Where's da water going?


Ok, I have a cabin in the country. Because the propane WH is getting close to being old, when I'm not going to be there for a week or so I turn the water inlet valve off and the thermostat to pilot. That way if it leaks, the water spilled will be limited to 40 gallons. Anyway, when I turn the water valve back on after a week or two, there is a good amount of air in the tank and hot water lines. There is no water around the heater. There is no indication of rust on the tank burner or tank bottom. I crawled under the cabin and there is no water spotting on the subfloor, nor water on the vapor barrior. So I'm puzzled. Where is this air in the tank coming from? I'm talking about air/water spewing for up to a minute. First thought was a leak and second thought was volume contraction due to cooling. But that much???
Bob
Add pictures here
<% if( /^image/.test(type) ){ %>
<% } %>
<%-name%>
Add image file
Upload

I've been going to your cabin and taking water out of your water heater.
CWM
Add pictures here
<% if( /^image/.test(type) ){ %>
<% } %>
<%-name%>
Add image file
Upload

Cooling water heaters suck It's probably "sucking air" when it's off. For a demonstration try this fun experiment, get an empty gallon plastic milk jug and put a 1/4 cup of water in it, now stick it in the microwave (with the lid OFF) just long enough to get the water good and hot, now take it out and screw the lid on and let it cool off (you can set it in the fridge if you want fast results)....see what happens to the jug?? Cool huh? When your water heater cools it does the same thing...only it is stronger than a plastic jug.
George
Add pictures here
<% if( /^image/.test(type) ){ %>
<% } %>
<%-name%>
Add image file
Upload

Ok, I can buy that. But with the faucets closed, where's the air coming from, the pressure relief valve backflow? And where is the water that is replaced by air going?
Add pictures here
<% if( /^image/.test(type) ){ %>
<% } %>
<%-name%>
Add image file
Upload
Bob wrote:

I would guess either the PR valve or the air could be coming from the water. Water does absorb air. How much air depends on the temperature and pressure. Have you not noticed that sometimes when you fill a glass with water (during the winter) it is milky looking. That is air that was in the water. The time of year and the change in temperature of the water may be forcing dissolved gasses.
--
Joseph Meehan

Dia \'s Muire duit
  Click to see the full signature.
Add pictures here
<% if( /^image/.test(type) ){ %>
<% } %>
<%-name%>
Add image file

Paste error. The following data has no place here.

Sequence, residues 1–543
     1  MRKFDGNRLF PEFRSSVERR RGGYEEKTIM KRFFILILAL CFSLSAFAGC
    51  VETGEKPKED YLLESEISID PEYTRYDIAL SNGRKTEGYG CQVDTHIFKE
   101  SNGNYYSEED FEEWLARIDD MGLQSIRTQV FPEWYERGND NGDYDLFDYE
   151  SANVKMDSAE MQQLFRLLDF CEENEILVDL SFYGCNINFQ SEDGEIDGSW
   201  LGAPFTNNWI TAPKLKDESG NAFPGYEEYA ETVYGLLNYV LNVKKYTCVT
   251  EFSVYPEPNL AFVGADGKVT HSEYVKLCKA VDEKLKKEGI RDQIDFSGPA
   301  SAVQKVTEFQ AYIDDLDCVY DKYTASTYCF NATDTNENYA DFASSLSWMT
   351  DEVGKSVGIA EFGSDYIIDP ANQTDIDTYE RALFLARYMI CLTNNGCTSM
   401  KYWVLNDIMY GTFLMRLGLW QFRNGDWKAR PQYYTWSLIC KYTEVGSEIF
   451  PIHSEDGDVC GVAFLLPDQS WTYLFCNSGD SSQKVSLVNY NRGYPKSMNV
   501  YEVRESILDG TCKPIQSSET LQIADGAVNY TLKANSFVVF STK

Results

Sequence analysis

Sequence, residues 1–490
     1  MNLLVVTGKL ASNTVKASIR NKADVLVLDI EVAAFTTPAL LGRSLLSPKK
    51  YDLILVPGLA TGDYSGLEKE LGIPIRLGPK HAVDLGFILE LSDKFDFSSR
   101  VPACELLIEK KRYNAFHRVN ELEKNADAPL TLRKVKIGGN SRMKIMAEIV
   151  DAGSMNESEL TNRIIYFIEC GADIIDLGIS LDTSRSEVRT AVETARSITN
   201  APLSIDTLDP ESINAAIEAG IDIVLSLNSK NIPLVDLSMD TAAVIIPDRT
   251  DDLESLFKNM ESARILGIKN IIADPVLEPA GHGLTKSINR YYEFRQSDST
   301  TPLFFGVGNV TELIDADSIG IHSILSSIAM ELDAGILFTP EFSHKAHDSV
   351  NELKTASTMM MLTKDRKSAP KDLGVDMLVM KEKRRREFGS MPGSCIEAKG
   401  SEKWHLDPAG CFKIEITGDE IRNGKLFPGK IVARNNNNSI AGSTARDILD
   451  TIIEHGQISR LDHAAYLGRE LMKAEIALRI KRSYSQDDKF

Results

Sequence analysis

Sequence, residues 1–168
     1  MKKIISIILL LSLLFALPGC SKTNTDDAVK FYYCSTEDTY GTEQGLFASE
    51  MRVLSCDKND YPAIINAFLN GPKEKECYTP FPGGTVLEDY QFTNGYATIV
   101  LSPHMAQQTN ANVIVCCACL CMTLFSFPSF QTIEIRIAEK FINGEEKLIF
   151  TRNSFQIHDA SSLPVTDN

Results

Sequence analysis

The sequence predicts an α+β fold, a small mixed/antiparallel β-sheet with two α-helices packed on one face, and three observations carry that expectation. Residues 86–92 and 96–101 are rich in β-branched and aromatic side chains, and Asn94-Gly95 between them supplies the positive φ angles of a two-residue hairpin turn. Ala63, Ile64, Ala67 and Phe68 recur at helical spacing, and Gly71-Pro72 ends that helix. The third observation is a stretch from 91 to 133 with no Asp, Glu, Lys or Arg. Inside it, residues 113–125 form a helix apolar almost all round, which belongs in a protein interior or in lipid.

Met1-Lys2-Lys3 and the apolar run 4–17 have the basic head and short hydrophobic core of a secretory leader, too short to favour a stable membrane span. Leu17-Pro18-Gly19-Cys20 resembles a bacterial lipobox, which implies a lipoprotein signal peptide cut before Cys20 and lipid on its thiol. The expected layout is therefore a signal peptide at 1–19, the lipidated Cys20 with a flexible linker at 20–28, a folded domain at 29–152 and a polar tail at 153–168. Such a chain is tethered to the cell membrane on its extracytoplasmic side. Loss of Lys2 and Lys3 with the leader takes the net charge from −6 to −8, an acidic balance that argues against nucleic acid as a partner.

Upload
wrote:

A good possibility. First water flow is somewhat opaque, then clears. I never thought to relate it to air in the water. Would also explain why the total volume in the tank wouldn't change. Sounds like the best explaination yet - even better since it doesn't relate to a problem. (I don't think). Bob
Add pictures here
<% if( /^image/.test(type) ){ %>
<% } %>
<%-name%>
Add image file
Upload
Bob wrote:

Faucets are optimized to prevent stuff from going in one direction, not the other.
The suckage may be much greater than normal water pressure anyway.
Add pictures here
<% if( /^image/.test(type) ){ %>
<% } %>
<%-name%>
Add image file
Upload

But how can it suck air into a tank that is full of water without forcing some of that water out somewhere? Wouldn't there have to be much less pressure inside the tank than outside? Since liquids cannot be compressed, there would have to be air already in the tank for a pressure differential.
Add pictures here
<% if( /^image/.test(type) ){ %>
<% } %>
<%-name%>
Add image file
Upload

Which do you do first, turn the main on and then open the faucet? or Open the faucet and then turn the main on?
Add pictures here
<% if( /^image/.test(type) ){ %>
<% } %>
<%-name%>
Add image file
Upload

Does it either way. With the main on first, you can hear water entering the tank so the air is in the tank prior to any valve being opened. The more I think about it & discuss it, I'm leaning to air in the water as it enters the tank, then separating as it sits. Water comes from a saturated sand aquafir so I can understand how water movement down there could induce air into the mix.
Add pictures here
<% if( /^image/.test(type) ){ %>
<% } %>
<%-name%>
Add image file
Upload

OOPS, used my alternate logon. Sorry. Bob
Add pictures here
<% if( /^image/.test(type) ){ %>
<% } %>
<%-name%>
Add image file
Upload

Hi Bob
Do you have an anti siphoning device on your water heater? This can occur without one, either naturally or when work is done on the lines. Around our area it's a standard item to have.
Regards Dale
Add pictures here
<% if( /^image/.test(type) ){ %>
<% } %>
<%-name%>
Add image file
Upload
On Feb 15, 1:34 am, snipped-for-privacy@whomever.com wrote:

No. But I don't see how it could siphon with the inlet valve closed. That'd be like a finger over one end of a straw.
Add pictures here
<% if( /^image/.test(type) ){ %>
<% } %>
<%-name%>
Add image file
Upload
George wrote:

Try your experiment with a full jug(water heater). The results will be different.
Rob
Add pictures here
<% if( /^image/.test(type) ){ %>
<% } %>
<%-name%>
Add image file
Upload

I have your water. You can have it back for 3000 dollars in small bills.

Add pictures here
<% if( /^image/.test(type) ){ %>
<% } %>
<%-name%>
Add image file
Upload

Related Threads

HomeOwnersHub.com is a website for homeowners and building and maintenance pros. It is not affiliated with any of the manufacturers or service providers discussed here. All logos and trade names are the property of their respective owners.